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Ontario|Debt and Bankruptcy
Debt and Personal Bankruptcy
250 Alternatives to bankruptcy: Loan consolidation, proposals to creditors, credit counselling
Although personal bankruptcy allows you to make a fresh start free of most of your debts, if you have a steady income and a satisfactory credit rating, you may want to consider four options with less serious consequences.
- Loan consolidation with bankFirst, you may be able to combine all of your debts into one consolidated loan with either your bank or another financial institution. A consolidation loan is always a good idea because your interest rate will be lower than the interest rate on your credit cards, and you will only have to make one payment on your loan each month instead of many different payments to each of your credit cards.
- Informal arrangement with creditorsSecond, you could try to make an informal arrangement with your creditors to pay a lesser amount or make your payments over a longer period of time. Often this is done with the help of credit counselling agencies. You may want to discover how your credit rating will be affected before agreeing to such arrangements. Sometimes creditors agree to reduce your debt or extend the repayment term, but still report you to the credit bureau.
- Consumer proposalA third option is a consumer proposal under the Bankruptcy and Insolvency Act. This is a legal process that allows you to make an offer to your creditors to change your payment schedule, or compromise your debts. For example, you may offer to pay less each month over a longer period of time. Or, you may offer to pay only a percentage of what you really owe. Your proposal must offer creditors at least what they would get if you filed for bankruptcy, and your plan must not extend beyond a five year period. If your creditors accept your proposal, you will be able to manage your financial situation without filing for bankruptcy.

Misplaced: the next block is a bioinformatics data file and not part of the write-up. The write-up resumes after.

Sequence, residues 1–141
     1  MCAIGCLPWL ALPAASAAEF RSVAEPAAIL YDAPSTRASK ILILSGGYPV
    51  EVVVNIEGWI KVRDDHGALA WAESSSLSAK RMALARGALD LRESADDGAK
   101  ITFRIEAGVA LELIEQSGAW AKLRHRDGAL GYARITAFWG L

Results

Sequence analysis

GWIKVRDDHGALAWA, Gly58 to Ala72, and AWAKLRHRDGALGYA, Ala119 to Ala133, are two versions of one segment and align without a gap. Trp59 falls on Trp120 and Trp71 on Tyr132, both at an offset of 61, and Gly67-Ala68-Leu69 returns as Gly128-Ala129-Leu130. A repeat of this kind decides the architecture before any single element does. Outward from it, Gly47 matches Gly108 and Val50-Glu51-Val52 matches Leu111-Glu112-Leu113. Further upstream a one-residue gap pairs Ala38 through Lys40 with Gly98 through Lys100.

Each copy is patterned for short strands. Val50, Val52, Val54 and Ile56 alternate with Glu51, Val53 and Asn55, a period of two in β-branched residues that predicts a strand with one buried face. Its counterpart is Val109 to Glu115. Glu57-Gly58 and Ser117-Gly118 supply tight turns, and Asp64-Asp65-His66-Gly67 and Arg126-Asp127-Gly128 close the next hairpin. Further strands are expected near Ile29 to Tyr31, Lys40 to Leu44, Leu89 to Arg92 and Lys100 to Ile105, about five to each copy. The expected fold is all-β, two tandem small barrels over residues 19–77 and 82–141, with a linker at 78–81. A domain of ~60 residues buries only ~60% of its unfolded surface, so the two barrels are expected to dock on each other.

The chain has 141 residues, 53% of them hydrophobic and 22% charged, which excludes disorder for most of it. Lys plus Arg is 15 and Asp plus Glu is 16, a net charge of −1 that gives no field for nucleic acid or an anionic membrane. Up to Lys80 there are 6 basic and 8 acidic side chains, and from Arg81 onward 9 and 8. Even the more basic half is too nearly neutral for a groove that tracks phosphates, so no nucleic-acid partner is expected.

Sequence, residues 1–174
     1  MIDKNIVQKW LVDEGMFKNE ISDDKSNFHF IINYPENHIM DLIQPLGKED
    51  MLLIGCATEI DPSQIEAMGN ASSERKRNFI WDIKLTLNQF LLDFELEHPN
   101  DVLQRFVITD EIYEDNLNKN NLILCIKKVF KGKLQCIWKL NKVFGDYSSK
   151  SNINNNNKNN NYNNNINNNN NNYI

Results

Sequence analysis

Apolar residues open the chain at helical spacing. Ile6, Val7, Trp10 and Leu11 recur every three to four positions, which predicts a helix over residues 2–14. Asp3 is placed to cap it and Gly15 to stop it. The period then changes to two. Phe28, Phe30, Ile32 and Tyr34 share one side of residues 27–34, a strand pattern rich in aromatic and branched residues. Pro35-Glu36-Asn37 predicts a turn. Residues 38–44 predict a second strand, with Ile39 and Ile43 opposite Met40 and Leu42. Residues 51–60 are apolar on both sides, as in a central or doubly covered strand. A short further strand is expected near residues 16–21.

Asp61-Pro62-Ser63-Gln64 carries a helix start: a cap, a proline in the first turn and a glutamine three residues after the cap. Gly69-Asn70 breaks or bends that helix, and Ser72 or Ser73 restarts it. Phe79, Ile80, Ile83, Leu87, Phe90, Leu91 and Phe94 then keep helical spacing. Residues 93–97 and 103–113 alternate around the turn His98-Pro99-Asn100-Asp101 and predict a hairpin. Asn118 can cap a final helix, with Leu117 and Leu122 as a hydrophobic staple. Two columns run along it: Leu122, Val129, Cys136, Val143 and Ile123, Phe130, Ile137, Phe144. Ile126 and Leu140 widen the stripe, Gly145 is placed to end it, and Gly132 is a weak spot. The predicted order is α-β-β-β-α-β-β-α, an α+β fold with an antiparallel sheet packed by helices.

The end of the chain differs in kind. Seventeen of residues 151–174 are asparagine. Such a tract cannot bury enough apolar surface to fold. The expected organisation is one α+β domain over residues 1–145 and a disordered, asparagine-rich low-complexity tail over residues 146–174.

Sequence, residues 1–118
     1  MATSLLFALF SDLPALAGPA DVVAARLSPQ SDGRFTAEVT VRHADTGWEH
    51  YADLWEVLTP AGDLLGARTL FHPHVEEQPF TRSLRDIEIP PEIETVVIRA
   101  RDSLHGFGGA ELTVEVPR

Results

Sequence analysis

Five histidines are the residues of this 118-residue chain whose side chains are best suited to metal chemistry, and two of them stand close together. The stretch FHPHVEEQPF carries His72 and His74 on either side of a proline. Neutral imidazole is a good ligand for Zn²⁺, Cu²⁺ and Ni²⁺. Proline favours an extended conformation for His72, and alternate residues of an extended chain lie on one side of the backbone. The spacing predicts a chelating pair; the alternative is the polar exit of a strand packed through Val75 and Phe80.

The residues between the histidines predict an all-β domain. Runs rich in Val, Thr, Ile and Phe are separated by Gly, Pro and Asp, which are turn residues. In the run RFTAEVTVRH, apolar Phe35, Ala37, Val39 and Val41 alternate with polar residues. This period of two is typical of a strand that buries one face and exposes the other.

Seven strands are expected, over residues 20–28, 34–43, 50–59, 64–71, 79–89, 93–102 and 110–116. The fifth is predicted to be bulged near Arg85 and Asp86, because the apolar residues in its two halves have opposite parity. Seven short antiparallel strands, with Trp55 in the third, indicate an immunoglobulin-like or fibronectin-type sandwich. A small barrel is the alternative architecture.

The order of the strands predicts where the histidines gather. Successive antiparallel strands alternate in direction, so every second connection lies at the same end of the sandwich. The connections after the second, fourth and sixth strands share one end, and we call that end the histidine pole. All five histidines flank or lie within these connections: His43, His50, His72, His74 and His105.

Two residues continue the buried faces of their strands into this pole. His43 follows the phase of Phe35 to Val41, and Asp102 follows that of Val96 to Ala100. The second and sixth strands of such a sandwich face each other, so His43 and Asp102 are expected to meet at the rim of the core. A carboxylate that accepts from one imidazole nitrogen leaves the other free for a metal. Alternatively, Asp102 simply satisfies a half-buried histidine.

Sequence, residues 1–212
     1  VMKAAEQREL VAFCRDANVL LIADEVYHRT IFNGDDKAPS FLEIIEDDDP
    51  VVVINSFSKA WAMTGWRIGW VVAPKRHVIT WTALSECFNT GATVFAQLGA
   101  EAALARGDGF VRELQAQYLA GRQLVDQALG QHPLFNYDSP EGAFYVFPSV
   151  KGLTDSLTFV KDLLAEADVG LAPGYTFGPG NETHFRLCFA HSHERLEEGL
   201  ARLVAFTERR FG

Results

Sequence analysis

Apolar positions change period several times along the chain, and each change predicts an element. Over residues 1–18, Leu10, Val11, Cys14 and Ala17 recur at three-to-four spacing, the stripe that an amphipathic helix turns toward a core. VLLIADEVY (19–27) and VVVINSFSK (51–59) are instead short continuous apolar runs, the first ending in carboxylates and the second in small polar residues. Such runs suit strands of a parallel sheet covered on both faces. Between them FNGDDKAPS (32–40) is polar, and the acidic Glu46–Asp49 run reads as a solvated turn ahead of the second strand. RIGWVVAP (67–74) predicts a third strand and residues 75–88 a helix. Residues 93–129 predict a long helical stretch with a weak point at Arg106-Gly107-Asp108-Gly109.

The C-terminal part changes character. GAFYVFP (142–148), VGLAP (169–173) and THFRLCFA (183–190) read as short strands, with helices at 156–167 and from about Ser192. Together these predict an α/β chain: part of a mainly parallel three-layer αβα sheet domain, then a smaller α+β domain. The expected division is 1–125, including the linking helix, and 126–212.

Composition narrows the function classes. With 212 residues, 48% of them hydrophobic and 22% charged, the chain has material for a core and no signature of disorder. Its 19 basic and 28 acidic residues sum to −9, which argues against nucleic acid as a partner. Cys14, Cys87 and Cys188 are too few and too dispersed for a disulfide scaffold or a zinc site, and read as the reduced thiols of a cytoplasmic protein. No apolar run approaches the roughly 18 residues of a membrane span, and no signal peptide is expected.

- How to make a consumer proposalTo make a consumer proposal, you must find and meet with a licensed trustee in bankruptcy. You can find one on the Legal Line Guide or website, or in the Yellow pages. They will help you prepare your proposal, and they will present your proposal to your creditors. You are also required by law to have two financial counselling sessions with the trustee to discuss financial management and budgeting. You will have to pay a fee of $50 to the government for this service, as well as a fee to the trustees for their services. The amount of the fee to the trustee will depend on the complexity of your proposal.
Once you have filed your proposal, any legal action against you by your creditors is stopped. If your creditors accept your proposal, you make monthly payments to the trustee, rather than making payments to each creditor yourself. If your proposal is not accepted, you are not automatically forced into bankruptcy. However, your creditors can continue or begin legal action against you. The failure to attempt a proposal instead of choosing bankruptcy, can be held against you when you apply to be discharged from bankruptcy.
- Credit counsellingA fourth option is credit counselling. There are a number of credit counselling services in Ontario who will help you consolidate your loans. Before enrolling with a credit counselling service, make sure you inquire about their services and fees. Often credit counselling services are useful in helping you to decide whether bankruptcy is the right option for you.
There are many options to consider when you are in a situation of financial difficulty. Consult with a trustee in bankruptcy, a lawyer, or an accountant for more information.
DEBT AND BUSINESS BANKRUPTCY